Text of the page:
Enlarge /. Artist concept of the Space Launch System.
To update: After this story was published, NASA released the following internal study statement Monday at 11 p.m. ET:
NASA is conducting an internal study of the timing and sequence of lunar missions with available resources and under the guidance that SLS and Orion will provide transportation of the crew to the gateway. The backbone for NASA's Moon-Mars plans are the Rocket Space Launch System, the Orion spacecraft, ground systems at the Kennedy Space Center, gateway in lunar orbit, and the human landing system. We are also currently reviewing various elements of our programs to find ways to improve efficiency and reduce costs. This exercise continues. This includes discussions with our industrial partners. Budget forecasting and internal agency reviews are common practice as they help us with long-term planning. The agency assumes that it will be able to take full advantage of the powerful SLS functions. These efforts will improve the current construct associated with executing the development, production, and operations of NASA's Artemis missions.
The original story appears below.
Original story: NASA is conducting an in-house affordability review of the rocket Space Launch System, two sources told Ars Technica.
Given the oversized cost of the program, the NASA transition team appointed by President Joe Biden initiated the study. The analysis is led by Paul McConnaughey, a former deputy director of NASA's Marshall Space Flight Center in Huntsville, and its chief engineer.
The SLS missile program has been administered by Marshall for more than a decade. Critics have derided it as a "job program" designed to keep employees in key centers like Marshall, Alabama, as well as with prime contractors like Boeing, Northrop Grumman and Aerojet Rocketdyne. This criticism was compounded by frequent delays in the schedule – the SLS was originally scheduled to launch in 2016 and the rocket will now launch in 2022 at the earliest – and cost overruns.
Right now, cost appears to be the driving factor behind White House concerns. With a maximum cadence of one take-off per year, the SLS missile is expected to cost more than $ 2 billion per flight. This is on top of the $ 20 billion NASA has already spent developing the vehicle and its ground systems. Some of the incoming officials don't believe the Artemis Moon program is sustainable with such startup costs.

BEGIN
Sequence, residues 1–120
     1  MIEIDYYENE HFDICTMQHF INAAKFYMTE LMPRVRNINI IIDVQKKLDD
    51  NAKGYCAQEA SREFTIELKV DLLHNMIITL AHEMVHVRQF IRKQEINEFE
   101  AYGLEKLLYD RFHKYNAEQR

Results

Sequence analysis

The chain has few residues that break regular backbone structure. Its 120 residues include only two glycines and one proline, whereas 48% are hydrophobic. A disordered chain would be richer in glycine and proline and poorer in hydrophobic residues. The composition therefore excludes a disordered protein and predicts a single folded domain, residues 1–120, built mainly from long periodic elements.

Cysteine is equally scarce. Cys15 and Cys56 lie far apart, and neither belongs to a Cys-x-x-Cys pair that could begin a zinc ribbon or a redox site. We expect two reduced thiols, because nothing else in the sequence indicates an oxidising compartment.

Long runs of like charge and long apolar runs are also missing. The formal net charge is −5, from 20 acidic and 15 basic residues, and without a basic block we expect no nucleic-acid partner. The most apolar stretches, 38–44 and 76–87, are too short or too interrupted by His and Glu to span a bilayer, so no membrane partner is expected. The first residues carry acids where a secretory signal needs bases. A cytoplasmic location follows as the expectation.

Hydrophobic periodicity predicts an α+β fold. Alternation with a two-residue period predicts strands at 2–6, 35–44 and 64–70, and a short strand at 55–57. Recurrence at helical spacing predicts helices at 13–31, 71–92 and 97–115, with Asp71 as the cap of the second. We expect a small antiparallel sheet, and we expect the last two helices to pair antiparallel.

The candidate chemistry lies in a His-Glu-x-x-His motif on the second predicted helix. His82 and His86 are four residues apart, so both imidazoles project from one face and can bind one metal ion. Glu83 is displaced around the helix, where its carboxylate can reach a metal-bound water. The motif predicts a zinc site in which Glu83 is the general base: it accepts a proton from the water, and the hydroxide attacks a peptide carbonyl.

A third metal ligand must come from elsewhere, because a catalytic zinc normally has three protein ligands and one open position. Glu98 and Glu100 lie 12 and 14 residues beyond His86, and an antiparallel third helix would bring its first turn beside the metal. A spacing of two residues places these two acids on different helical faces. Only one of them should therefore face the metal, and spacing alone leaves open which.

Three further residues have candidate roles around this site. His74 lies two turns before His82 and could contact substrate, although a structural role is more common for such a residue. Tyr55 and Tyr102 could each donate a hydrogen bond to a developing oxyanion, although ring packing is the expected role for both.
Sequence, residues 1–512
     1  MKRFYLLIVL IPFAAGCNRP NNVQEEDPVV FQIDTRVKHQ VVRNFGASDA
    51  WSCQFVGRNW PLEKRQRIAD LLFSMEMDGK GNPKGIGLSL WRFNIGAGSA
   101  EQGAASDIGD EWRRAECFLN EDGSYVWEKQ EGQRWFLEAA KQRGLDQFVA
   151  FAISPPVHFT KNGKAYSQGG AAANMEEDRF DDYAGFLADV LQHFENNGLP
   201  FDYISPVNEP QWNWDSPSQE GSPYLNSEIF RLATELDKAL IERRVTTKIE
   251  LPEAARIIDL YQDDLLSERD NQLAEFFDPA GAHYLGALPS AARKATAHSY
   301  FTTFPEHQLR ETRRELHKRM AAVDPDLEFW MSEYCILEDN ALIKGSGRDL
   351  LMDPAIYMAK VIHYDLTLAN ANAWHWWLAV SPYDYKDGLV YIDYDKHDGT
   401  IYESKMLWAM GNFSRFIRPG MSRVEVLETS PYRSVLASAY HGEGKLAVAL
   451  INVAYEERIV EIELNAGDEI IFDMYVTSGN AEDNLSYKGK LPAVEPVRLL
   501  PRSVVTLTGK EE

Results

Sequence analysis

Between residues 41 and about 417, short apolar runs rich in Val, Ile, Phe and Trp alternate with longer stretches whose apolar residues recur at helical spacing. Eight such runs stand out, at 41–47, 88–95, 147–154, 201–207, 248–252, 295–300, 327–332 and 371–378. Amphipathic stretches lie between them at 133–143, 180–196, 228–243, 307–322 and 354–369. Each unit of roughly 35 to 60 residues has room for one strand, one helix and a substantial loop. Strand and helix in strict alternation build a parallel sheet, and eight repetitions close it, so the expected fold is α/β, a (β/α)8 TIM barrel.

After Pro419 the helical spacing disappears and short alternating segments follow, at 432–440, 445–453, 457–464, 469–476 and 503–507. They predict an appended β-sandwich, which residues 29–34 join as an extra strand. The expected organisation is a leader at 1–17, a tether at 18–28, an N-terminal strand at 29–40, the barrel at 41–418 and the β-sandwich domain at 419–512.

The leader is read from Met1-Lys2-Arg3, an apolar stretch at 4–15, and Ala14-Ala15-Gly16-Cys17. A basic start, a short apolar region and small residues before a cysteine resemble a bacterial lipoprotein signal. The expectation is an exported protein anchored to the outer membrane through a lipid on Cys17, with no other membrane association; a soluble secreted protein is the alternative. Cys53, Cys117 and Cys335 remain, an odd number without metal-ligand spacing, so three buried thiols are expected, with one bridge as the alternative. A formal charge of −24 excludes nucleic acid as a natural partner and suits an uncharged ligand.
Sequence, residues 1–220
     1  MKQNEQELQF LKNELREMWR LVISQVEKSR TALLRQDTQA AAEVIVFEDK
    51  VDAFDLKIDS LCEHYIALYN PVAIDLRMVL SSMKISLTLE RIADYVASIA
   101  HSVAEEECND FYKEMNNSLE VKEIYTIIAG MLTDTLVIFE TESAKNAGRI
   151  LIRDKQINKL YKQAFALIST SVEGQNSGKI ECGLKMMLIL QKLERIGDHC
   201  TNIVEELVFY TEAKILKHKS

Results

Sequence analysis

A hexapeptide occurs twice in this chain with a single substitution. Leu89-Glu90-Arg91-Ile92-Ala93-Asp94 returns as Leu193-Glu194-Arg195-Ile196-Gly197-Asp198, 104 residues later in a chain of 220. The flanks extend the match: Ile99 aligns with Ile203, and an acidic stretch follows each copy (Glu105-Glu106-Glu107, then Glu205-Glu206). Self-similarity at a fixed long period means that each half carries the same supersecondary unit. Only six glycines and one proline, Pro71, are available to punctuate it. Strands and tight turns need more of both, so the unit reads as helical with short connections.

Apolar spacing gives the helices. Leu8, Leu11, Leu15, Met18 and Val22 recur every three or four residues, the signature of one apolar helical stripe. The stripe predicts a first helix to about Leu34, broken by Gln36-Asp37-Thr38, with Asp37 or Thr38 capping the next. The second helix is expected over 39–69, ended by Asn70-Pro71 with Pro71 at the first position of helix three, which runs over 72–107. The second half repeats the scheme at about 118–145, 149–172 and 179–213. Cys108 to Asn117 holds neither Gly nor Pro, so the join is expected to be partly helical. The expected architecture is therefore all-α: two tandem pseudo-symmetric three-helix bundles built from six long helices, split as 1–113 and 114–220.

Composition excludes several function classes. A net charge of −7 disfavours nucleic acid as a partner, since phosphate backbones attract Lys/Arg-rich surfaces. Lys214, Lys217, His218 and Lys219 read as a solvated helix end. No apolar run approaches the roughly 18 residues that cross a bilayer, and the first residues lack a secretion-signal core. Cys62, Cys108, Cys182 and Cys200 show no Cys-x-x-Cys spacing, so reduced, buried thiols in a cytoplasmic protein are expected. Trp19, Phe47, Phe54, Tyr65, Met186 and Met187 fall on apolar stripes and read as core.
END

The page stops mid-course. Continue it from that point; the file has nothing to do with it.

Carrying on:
McConnaughey is leading the study for Kathy Lueders, NASA's head of human spaceflight. Even before the study began, McConnaughey had urged that the SLS program be cheaper. One goal of this analysis is to find ways in which NASA's large rocket can effectively compete with privately developed rockets under the agency's Artemis Moon program.
While SpaceX's Falcon Heavy rocket doesn't have as much lift capacity as the SLS rocket, the advantage of it is that it's already in use and costs about a tenth as much per flight. Blue Origin and United Launch Alliance are also developing heavy-lift missiles designed to bring components of a human landing system into orbit.
Perhaps most importantly, SpaceX is continuing a flight test campaign of its Starship Launch System, which may have its first orbital flight in the next 12 months. This is a launcher that could potentially lift the SLS missile, be reusable, and cost a fraction of the price. If SpaceX succeeds in getting Starship into orbit, there will be little technical justification for continued government subsidization of the less powerful SLS booster, which is expendable and costs much, much more.
Proponents of the SLS missile are not blind to this. Some believe that SpaceX will fail with its Starship program, and in fact myriad technical challenges remain. Others believe NASA could find ways to make the SLS rocket more competitive, and that is a point of this study.
Another reason for the new analysis, however, is to assess whether NASA even needs the SLS rocket as part of the Artemis program. Companies are already planning to deliver the lunar lander to the moon using private rockets. The main task of the SLS rocket is to bring Orion and its crew to the moon. Orion launch can also be done using private rockets, or the crew can simply launch using SpaceX's spaceship, eliminating the need for Orion itself.
Although the Biden administration has pledged to continue the Artemis program launched under President Donald Trump, the space agency has other priorities, particularly stepping up geoscientific activities to better understand climate change. If the Bureau of Administration and Housekeeping no longer has to spend $ 3 billion annually on "developing" the SLS missile and its ground systems, the White House will at least look into the possibility.
A first step may be to slow down or stop work on upgrading the SLS missile. After NASA completes the first iteration of the Space Launch System rocket, there are plans to upgrade it to "Block 1B", the main part of which is an updated second stage. This hardware is called the Exploration Upper Stage. In the fiscal year 2021 budget bill, Congress allocated $ 400 million to help develop this phase.
However, some senior NASA officials would like to at least interrupt work on this upper tier. It is premature for them to work on an improved rocket while the first version of the SLS rocket is not yet proven, especially when Biden space officials discover that the SLS rocket will play only a limited role in future exploration plans. According to a source, the Biden White House may only try a few times to fly SLS, cease work on the Exploration Upper Stage, and plan for Artemis' future using commercial launch vehicles.
All of this remains flowing, however, and the US Congress will have a huge say in the future of NASA's space exploration programs.